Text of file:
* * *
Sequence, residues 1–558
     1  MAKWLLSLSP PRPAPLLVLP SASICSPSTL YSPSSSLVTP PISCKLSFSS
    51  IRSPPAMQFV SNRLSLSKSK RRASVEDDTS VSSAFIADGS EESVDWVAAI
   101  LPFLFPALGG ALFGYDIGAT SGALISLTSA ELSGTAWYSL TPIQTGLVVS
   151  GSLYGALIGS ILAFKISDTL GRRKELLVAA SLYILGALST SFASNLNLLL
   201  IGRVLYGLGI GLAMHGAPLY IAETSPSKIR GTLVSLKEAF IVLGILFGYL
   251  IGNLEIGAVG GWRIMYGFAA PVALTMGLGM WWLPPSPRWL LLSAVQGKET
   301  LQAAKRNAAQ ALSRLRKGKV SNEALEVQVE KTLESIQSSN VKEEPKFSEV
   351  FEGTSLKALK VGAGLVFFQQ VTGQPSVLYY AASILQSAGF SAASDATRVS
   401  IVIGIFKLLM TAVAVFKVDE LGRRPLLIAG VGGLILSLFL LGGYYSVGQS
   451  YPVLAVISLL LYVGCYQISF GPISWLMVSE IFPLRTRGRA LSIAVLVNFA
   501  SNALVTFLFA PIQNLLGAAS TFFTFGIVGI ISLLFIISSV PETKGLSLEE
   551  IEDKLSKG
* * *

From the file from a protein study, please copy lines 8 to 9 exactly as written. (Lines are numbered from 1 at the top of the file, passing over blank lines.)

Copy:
   301  LQAAKRNAAQ ALSRLRKGKV SNEALEVQVE KTLESIQSSN VKEEPKFSEV
   351  FEGTSLKALK VGAGLVFFQQ VTGQPSVLYY AASILQSAGF SAASDATRVS